Solar System Introduction
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Solar System Introduction

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This is a presentation that I completed for EDU 290 in the Fall 2009. The intent of the assignment was to create a lesson that could be used by a student that missed the classroom instruction due to ...

This is a presentation that I completed for EDU 290 in the Fall 2009. The intent of the assignment was to create a lesson that could be used by a student that missed the classroom instruction due to illness.

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Solar System Introduction Solar System Introduction Presentation Transcript

  • Solar System Intro Planets, Moons and Stars
    • Our solar system is the system of planets and other objects that orbit our sun. There are eight planets and many moons . Along with asteroids , comets , meteoroids and tiny particles of rocks and dust. The sun , which is actually a star , is the largest object in the solar system and holds everything in place by its gravity . It contains about 99% of the mass of the solar system.
    • A planet is a body that is in orbit around the Sun, has enough mass for its self-gravity to overcome forces (nearly round) shape, and clears the neighborhood around its orbit.
    • Planet order (closest to the sun to furthest):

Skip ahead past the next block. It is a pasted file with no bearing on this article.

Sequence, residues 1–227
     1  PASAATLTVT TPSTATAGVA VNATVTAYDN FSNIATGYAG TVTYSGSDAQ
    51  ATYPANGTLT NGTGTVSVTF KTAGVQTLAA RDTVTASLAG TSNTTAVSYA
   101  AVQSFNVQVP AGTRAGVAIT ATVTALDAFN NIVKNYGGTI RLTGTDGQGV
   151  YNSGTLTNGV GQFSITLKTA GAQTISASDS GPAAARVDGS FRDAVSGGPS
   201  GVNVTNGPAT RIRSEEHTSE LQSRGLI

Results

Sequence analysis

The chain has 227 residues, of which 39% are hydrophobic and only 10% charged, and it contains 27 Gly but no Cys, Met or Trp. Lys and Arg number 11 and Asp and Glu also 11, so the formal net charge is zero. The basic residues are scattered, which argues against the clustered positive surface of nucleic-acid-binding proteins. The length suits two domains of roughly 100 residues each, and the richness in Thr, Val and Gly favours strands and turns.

• MERCURY
    • VENUS
    • EARTH
    • MARS
    • JUPITOR
    • SATURN
    • URANUS
    • NEPTUNE
    PLANETS
    • Position: Closest planet to the Sun.
    • Atmosphere: Like Earth’s moon, very little.
    • Landscape: Many craters, a little ice. Cliffs and valleys present.
    • Temperatures: Super-heated by the sun in the day. At night temperatures reach hundreds of degrees below freezing. (Not as warm as you would think).
    • Year (Full rotation around the sun): 88 days.
    • Moons: 0
    • Rings: 0
    Mercury
    • Position: 2 nd planet from the sun.
    • Atmosphere: Thick enough to trap heat, hurricane winds, lightning, and acid clouds.
    • Landscape: Volcanoes and deformed mountains.
    • Temperatures: Intense heat.
    • Year (Full rotation around the sun): 225 Earth days.
    • Moons: 0
    • Rings: 0
    Venus
    • Position: 3rd planet from the sun.
    • Atmosphere: Suitable air pressure to have life. Air is made of oxygen.